On Tuesday, Goldman Sachs stock fell as much as 8% after Wall Street's leading investment bank missed quarterly earnings expectations due to weaker trading revenues and rising expenses. Global markets revenue fell 7% in the fourth quarter to nearly $4 billion because of lower equity and fixed income trading revenue compared to a year ago.
The stock slump put Goldman on track for its worst single-day performance since June 2020, shedding around $10 billion market valuation since last Friday.
Once again, the impact of inflation on salary costs was to blame, in addition to a decrease in fixed income operations due to the reduction in the purchase of government bonds.
What's coming next?
Two large banks are left to publish earnings results for the last quarter - Bank of America and Morgan Stanley, scheduled for today. Should they follow the already established trend, the downward pressure on indices could grow even stronger.
Technology stocks have not escaped the selloff either. Microsoft fell more than 2% after announcing the acquisition of the video game company Activision, while Alibaba dropped 2% after learning that the US government was investigating its cloud business practices, specifically concerning data protection of North American clients.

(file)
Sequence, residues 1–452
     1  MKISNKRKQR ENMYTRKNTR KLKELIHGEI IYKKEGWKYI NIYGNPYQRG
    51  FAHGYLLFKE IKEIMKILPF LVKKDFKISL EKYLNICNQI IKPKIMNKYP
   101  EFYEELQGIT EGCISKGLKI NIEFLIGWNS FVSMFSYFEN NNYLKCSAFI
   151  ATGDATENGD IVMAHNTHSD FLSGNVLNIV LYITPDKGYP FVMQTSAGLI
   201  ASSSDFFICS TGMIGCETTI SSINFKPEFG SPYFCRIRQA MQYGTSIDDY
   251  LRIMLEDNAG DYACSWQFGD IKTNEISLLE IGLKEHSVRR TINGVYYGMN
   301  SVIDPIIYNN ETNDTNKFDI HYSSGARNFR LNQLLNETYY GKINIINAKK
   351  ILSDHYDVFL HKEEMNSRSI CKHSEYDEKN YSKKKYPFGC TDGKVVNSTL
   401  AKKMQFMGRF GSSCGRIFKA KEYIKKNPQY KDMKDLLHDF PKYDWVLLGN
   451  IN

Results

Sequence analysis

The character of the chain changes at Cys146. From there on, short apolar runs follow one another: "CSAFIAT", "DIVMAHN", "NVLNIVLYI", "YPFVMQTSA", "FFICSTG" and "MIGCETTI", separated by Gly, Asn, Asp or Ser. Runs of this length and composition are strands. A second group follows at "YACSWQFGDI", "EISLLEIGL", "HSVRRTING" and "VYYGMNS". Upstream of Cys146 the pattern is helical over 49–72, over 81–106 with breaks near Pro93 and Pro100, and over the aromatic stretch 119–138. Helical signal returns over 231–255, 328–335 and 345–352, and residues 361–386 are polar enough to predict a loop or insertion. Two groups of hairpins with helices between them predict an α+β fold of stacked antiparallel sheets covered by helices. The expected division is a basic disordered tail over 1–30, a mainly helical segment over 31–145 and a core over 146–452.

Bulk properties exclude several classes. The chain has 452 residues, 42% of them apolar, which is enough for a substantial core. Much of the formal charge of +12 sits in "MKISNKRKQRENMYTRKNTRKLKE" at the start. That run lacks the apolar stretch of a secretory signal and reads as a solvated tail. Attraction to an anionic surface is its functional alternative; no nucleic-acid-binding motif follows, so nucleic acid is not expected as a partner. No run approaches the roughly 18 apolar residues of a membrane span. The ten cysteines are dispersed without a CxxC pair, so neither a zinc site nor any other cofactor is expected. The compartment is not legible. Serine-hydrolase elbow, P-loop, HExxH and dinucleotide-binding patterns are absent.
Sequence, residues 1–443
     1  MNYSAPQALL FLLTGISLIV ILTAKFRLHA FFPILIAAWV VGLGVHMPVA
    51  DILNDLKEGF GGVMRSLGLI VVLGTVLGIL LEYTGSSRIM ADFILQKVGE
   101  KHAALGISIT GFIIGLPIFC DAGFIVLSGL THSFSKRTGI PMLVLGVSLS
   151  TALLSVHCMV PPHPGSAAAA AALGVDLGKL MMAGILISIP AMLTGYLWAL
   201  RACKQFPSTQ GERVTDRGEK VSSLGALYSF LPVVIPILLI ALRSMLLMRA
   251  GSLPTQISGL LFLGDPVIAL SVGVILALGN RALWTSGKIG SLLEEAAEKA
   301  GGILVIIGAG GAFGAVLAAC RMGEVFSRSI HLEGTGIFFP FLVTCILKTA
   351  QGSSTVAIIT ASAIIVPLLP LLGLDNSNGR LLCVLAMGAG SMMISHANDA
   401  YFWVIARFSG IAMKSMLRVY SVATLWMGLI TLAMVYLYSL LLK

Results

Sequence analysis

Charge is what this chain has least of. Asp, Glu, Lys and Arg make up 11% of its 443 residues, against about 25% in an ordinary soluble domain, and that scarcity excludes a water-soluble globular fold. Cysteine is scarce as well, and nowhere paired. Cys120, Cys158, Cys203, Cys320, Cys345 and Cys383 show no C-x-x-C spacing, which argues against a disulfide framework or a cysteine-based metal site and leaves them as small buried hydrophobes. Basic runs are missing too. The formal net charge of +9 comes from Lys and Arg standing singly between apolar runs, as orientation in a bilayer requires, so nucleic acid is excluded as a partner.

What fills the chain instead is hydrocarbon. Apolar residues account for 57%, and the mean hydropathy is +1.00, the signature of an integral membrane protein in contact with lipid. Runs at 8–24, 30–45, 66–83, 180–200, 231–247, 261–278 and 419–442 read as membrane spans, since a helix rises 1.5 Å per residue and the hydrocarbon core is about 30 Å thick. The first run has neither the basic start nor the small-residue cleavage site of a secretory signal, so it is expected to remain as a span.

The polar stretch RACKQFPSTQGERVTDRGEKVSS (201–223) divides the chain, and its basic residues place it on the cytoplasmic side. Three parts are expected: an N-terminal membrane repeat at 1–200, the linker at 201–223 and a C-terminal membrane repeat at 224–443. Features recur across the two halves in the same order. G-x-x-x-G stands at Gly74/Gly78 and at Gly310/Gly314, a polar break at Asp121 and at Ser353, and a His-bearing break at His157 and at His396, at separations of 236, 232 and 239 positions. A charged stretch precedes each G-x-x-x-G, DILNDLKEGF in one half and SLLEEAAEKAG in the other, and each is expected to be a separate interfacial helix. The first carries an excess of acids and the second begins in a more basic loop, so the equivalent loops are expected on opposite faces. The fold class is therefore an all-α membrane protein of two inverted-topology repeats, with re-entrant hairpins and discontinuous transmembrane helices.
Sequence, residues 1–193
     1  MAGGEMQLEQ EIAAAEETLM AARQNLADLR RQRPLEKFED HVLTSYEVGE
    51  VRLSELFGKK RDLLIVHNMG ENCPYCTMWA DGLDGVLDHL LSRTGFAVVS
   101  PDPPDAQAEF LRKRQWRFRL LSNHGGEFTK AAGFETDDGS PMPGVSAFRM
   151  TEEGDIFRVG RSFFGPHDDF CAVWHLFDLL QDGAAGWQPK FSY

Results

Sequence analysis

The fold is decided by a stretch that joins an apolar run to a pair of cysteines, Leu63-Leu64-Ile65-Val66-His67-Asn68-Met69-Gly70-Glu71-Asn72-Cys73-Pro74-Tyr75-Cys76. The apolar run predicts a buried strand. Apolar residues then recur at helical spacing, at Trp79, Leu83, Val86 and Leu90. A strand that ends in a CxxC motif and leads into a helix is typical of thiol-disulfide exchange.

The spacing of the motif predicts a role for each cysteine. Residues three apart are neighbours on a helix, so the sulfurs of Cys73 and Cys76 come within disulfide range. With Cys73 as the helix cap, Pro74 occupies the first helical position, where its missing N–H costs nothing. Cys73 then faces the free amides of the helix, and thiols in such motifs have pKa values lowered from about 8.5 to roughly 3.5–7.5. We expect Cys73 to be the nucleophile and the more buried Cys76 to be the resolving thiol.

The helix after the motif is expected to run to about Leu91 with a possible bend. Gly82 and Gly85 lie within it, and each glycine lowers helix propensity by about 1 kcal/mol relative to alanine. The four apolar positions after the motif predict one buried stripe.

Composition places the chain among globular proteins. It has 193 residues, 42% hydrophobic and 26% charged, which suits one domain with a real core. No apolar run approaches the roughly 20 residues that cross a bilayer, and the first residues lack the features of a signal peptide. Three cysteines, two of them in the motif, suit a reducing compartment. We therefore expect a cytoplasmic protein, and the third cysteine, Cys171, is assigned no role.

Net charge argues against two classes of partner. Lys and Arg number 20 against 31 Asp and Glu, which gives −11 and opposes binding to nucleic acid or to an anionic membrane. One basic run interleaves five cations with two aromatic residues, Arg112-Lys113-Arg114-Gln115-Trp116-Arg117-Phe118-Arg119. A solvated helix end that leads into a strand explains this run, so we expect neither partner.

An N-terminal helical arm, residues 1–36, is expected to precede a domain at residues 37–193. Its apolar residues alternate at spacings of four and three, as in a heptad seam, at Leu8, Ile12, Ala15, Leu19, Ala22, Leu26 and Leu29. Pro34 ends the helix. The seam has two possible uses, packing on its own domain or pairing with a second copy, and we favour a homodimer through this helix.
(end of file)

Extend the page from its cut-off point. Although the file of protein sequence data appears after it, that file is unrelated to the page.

Inflation reports in Europe are also scheduled for publishing.
Today will be an important day in terms of economic figures with the publication of the CPIs for the United Kingdom, Germany, and Canada. These reports could serve to assess the extent to which inflation extends outside the United States and whose results can affect the price of the euro, the pound, and the Canadian dollar.
Since the end of December, the latter currency has been strengthening uninterruptedly due to its correlation with oil, which exceeded October’s highs, technically making its way towards the triple-digit price.
Although global economic growth forecasts have been lowered considerably and, in principle, this should negatively affect the demand for crude oil, the supply remains insufficient. This might be partly due to the lower shale oil production in the United States, whose production costs have increased, as indicated yesterday by the Energy Information Administration.
Sources: Bloomberg, Reuters.